Yes, turning a prototype into a finished product is no simple matter. It requires a somewhat different set of skills and probably additional tools. Today of course a young guy will tell you that you need to get a 3D printer to make the custom case you need or at least get access to one at a maker club. I have the later, but creating the software to drive the printer is still a challenge for me at least and the maker club fees are $50/month, that's a lot of money for me.

Instead of connectors, what about soldering?

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YurkshireLad
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I can solder connections, though I'm still practicing. I thought I'd like to try connectors to make it more complete. For better or worse, I picked up a crimper set from Amazon. I don't want a 3d printer so I'll try to find dirt cheap containers/boxes to use.


   
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Will
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@yurkshirelad 

Which type did you get dupont or JST ?

I tried both and I found the JST to be much easier to work with. I usually buy them in packs by pin count (i.e. 2-pin, 3-pin, etc) and get the male connectors that solder directly to the PCB and empty female sockets. I find it's easier for my large clumsy hands and diminished eyesight to manage the JST crimper in two stages - one for crimping the wire metal and another to crimp the wire insulation. The dupont crimper requires me to do both in one operation which I find more difficult.

Also, although I'm NOT young and I won't claim that you NEED a 3D printer, they're a wonderful tool if you need more than just boxes 🙂

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YurkshireLad
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I'd have to check the box, I can't remember! The various types are so confusing. 😀 


   
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Biny
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@yurkshirelad I started out crimping connectors on my current project, but it's so small they couldn't fit the case gracefully, and I switched to teeny terminal blocks instead. They have the benefit of providing a rock solid connection mechanically, so depending on the number of connections, that might be the direction you might want to go.

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YurkshireLad
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Posted by: @will

@yurkshirelad 

Which type did you get dupont or JST ?

I tried both and I found the JST to be much easier to work with. I usually buy them in packs by pin count (i.e. 2-pin, 3-pin, etc) and get the male connectors that solder directly to the PCB and empty female sockets. I find it's easier for my large clumsy hands and diminished eyesight to manage the JST crimper in two stages - one for crimping the wire metal and another to crimp the wire insulation. The dupont crimper requires me to do both in one operation which I find more difficult.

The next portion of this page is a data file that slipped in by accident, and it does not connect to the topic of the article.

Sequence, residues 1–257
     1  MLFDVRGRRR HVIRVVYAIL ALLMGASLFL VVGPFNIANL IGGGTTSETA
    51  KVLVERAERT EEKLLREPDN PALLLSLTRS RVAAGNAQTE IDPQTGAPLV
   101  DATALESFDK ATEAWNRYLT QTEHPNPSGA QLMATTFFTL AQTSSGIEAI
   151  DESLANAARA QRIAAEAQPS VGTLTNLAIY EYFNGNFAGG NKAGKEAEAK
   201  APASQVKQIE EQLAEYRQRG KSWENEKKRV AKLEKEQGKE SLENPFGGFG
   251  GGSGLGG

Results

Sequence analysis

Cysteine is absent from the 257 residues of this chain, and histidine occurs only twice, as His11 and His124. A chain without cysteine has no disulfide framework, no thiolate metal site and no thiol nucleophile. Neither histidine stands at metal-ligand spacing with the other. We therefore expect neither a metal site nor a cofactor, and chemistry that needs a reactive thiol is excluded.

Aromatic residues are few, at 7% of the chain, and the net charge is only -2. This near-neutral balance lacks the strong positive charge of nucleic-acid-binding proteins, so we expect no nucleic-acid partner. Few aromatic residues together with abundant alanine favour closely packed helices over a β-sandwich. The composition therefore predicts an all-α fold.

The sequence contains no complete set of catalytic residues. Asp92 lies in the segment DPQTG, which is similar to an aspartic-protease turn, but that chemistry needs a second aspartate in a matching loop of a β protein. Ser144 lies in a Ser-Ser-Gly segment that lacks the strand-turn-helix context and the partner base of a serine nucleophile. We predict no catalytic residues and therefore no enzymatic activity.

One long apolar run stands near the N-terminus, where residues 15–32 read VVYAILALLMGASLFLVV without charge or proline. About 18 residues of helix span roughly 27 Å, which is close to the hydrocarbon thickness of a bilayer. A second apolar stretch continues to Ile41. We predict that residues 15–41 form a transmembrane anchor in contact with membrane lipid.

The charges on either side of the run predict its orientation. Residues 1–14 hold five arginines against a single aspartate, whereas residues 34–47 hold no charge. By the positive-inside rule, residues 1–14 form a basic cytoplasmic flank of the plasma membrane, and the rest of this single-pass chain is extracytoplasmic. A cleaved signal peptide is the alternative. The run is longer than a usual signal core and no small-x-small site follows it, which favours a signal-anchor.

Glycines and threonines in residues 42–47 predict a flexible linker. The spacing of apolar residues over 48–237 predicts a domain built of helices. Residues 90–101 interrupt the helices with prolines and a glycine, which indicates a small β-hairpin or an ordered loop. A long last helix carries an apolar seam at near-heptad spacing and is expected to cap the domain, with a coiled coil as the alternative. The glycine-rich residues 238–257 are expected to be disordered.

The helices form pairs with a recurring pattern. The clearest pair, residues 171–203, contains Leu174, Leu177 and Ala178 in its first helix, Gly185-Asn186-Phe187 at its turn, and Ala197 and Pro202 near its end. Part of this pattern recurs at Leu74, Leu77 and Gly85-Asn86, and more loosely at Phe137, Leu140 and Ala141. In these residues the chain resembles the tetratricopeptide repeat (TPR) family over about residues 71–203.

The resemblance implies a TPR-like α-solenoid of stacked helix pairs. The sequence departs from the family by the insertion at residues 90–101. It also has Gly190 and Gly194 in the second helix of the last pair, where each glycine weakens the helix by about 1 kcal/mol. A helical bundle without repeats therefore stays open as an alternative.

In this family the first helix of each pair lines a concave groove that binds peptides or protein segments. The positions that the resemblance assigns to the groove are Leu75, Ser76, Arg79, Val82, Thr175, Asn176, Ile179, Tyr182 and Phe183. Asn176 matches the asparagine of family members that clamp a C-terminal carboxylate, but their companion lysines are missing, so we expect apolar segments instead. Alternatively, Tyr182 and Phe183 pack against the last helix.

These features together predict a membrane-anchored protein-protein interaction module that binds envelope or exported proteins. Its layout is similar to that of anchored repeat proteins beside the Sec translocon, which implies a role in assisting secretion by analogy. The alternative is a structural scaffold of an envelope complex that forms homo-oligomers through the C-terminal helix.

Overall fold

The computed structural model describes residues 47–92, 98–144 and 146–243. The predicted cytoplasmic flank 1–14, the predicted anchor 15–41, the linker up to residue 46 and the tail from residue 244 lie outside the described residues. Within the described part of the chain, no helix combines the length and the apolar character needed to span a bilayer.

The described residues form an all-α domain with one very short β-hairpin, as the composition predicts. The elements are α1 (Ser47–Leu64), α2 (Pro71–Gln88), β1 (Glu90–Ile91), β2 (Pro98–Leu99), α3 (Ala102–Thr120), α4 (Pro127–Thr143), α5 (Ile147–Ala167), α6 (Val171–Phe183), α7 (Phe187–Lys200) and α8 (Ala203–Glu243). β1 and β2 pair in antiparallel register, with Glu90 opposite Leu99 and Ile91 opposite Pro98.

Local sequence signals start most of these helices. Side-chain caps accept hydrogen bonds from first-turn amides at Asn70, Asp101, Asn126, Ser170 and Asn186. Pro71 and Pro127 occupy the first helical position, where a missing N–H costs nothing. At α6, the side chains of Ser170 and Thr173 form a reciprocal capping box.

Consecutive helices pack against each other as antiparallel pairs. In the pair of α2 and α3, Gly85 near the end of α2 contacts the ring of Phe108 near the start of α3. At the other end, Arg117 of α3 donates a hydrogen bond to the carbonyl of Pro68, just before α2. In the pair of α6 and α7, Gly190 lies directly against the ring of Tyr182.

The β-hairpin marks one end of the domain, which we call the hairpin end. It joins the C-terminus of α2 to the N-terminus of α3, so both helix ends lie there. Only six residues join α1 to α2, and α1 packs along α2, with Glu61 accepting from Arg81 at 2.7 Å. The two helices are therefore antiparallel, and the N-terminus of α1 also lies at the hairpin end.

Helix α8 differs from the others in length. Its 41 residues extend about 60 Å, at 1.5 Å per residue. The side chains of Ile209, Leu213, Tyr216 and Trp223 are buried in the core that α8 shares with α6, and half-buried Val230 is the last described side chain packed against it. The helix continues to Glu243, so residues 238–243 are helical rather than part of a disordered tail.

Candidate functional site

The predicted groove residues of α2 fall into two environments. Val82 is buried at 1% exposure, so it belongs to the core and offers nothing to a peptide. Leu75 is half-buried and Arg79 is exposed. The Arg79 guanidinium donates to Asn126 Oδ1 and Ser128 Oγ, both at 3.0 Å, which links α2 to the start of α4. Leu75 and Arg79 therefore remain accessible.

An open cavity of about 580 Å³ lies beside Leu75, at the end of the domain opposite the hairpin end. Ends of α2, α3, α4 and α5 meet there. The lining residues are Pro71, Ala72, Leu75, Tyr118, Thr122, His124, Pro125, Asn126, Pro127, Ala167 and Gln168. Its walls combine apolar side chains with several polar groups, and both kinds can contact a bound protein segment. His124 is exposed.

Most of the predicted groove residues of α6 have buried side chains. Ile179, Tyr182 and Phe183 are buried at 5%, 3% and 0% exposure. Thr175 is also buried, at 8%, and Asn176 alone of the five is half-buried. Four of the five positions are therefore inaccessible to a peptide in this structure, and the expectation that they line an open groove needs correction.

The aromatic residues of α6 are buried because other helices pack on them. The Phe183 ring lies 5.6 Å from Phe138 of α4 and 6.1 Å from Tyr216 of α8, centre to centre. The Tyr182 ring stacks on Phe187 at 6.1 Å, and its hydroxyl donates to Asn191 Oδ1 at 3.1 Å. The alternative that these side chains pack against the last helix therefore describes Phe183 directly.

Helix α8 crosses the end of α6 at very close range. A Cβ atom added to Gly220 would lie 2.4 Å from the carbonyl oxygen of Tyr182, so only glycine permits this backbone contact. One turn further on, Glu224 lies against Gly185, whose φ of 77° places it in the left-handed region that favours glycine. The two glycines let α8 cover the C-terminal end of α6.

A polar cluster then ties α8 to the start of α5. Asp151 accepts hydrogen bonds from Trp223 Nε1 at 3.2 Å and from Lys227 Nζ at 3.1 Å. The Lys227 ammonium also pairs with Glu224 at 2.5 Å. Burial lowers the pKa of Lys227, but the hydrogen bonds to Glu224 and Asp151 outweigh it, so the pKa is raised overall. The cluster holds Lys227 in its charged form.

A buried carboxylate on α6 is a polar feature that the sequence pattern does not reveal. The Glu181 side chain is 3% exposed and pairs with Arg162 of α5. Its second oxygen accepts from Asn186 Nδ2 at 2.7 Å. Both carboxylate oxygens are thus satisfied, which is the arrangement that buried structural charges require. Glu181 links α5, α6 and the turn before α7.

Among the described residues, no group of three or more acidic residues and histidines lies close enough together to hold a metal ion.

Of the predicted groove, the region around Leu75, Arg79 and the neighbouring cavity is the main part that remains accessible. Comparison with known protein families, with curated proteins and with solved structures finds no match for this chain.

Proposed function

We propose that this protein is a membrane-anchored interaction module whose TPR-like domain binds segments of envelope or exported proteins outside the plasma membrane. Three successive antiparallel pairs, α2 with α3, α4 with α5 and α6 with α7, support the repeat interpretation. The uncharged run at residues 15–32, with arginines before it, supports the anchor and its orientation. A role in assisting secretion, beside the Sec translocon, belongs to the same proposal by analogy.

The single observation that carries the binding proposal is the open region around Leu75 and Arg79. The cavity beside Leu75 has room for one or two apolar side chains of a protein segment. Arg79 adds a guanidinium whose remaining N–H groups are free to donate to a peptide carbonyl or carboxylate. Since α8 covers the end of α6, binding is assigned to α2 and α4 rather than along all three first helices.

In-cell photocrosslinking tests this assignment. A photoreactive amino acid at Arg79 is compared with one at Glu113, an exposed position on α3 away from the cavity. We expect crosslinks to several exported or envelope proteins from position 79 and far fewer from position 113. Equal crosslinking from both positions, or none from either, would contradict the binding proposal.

Also, although I'm NOT young and I won't claim that you NEED a 3D printer, they're a wonderful tool if you need more than just boxes 🙂

The kit included Dupont and JST-XH, so I have options. I also have a limited number of terminal blocks I can experiment with. If I use those, I could pick up a larger number/selection. I just need more time!!

This post was modified 10 months ago by YurkshireLad

   
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Ron
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@will I always check with 'The Swiss Guy' before buying tools, and unless my brain is completely fried this AM (a real possibility) he pointed out that one of the two at least dupont crimpers he recommends is also a two step process. It wasn't until I saw that video that I was able to get a half decent dupont crimp. Still don't like them and have recently found a decent price on pre-made dupont wires in the 8"/200mm length.

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Biny
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@ronalex4203 

Yeh, I use the two step crimpers for greater precision. "Engineer PA-09" is the marking on it.

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Ron
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@binaryrhyme Yup, that is the crimper he used to recommend but verrrrry expensive, now he recommends the iWiss 2820M although it's a real close call, the iWiss is about half the price I think.

"Don't tell people how to do things. Tell them what to do and let them surprise you with their results.” - G.S. Patton, Gen. USA
"Never wrestle with a pig....the pig loves it and you end up covered in mud..." anon